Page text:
In terms of competitive challenges, the honey from all the above mentioned countries is differently priced. For instance, while Argentina’s honey is costlier than honey from India; the honey from Vietnam is cheaper.  If the difference arises, the consumer might choose the honey which enables them to save more money.

When it comes to China, US does not import from China due to anti-dumping duties. But the EU is one of the largest consumers of honey. They are buying honey from China, which offers better prices & quality. This has helped China in establishing its presence in the international honey market. EU, therefore, is a target market for us too. APEDA is trying to promote honey. We try to participate in the exhibitions that take place & educate consumers about our product. Sometimes people have this mindset that if honey is coming from India, it is of a substandard quality. That is why EU needs to be educated.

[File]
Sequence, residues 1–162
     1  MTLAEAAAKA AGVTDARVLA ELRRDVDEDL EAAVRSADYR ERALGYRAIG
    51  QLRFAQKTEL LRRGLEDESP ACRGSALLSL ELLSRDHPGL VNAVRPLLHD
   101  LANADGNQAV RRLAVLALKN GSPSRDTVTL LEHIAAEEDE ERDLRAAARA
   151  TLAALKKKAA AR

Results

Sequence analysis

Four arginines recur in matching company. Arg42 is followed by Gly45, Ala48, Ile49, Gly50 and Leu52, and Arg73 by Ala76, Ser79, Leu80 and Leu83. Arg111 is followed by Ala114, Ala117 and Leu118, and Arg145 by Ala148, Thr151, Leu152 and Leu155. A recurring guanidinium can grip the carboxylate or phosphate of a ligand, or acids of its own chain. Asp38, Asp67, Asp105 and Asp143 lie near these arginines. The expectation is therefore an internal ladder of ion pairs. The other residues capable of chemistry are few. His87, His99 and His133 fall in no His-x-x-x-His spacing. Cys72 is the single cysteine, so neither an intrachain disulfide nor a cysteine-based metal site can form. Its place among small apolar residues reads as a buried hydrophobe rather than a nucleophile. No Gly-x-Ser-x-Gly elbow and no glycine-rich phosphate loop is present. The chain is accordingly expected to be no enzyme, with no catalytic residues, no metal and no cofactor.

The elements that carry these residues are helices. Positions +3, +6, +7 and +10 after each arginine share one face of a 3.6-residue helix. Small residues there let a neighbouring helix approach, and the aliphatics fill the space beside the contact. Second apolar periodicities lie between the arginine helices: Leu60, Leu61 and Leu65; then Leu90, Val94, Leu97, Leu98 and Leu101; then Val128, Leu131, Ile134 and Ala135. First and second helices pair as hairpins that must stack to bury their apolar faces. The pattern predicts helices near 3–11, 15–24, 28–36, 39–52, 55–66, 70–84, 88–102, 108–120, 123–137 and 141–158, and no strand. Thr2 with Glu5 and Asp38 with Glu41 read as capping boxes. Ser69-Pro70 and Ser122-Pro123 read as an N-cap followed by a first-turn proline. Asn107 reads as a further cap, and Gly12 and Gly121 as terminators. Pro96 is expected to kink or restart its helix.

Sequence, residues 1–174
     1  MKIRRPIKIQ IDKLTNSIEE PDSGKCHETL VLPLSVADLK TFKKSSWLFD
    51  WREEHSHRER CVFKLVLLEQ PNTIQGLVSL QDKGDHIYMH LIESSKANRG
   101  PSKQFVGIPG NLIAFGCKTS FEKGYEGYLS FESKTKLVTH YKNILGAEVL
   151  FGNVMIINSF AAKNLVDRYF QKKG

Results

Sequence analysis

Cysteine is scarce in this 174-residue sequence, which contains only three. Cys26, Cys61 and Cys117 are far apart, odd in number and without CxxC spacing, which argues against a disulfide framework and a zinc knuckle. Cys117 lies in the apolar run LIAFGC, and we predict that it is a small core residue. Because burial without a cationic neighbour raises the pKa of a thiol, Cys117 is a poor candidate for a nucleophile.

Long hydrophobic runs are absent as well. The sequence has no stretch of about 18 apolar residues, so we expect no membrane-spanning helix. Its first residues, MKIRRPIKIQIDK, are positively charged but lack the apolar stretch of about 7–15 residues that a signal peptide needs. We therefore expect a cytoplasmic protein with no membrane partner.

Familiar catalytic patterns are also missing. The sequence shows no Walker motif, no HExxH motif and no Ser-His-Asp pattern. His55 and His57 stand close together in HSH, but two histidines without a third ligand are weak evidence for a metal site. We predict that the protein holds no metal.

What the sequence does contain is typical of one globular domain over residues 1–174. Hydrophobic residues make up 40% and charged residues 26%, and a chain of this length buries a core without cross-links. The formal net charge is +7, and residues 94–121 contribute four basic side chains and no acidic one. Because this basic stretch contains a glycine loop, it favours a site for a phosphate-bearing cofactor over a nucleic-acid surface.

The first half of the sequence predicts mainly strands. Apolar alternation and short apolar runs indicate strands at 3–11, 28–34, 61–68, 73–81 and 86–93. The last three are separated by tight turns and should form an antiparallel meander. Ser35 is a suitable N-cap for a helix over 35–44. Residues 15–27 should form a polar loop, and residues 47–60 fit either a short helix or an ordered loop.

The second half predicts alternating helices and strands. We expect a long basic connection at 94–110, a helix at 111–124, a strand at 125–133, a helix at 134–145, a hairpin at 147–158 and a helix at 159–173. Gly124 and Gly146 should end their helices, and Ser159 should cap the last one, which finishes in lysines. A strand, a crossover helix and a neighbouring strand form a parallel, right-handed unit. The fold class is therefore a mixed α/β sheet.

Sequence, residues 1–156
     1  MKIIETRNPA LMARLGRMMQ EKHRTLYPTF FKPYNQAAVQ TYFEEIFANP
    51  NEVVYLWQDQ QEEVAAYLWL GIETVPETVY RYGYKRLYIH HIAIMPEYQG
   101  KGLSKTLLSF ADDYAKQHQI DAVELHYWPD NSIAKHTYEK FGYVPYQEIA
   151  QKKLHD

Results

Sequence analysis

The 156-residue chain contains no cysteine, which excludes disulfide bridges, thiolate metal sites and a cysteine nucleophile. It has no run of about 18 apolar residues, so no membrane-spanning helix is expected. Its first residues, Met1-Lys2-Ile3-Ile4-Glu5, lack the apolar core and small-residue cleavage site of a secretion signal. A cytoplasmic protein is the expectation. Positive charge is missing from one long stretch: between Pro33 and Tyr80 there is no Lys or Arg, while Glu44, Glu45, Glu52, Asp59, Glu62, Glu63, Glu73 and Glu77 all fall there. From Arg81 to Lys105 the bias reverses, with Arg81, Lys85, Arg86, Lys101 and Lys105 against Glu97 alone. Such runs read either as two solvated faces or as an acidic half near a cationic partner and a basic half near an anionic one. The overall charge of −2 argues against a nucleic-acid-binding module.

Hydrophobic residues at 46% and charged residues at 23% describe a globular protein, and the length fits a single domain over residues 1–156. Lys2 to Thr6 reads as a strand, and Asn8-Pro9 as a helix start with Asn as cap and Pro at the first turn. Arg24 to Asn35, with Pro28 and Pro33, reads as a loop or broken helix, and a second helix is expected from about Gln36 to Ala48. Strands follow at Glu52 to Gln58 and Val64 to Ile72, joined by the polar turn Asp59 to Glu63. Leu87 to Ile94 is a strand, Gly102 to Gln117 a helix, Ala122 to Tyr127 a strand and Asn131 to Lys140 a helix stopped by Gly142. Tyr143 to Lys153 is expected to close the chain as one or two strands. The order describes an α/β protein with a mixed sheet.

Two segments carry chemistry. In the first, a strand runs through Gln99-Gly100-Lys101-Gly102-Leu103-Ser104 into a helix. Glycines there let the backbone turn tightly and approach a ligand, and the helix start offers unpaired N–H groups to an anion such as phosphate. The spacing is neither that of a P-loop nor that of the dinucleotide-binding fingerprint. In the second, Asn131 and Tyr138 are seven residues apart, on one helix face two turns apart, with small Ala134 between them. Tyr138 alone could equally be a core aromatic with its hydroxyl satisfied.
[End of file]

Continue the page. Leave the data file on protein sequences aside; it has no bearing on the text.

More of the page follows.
TPCI: If we look at the 5-year export trend in organic honey, there have been many highs & lows, with 2015 being the year when India earned the maximum revenue. Plus, our exports of honey declined in 2018 compared to 2017. Why is this so?

AS: There are two ways to look at it. The data that you have pertains to the revenue garnered through these exports. If, on the other hand, you look at the quantity of honey exports, there has been a steady increase in the last few years.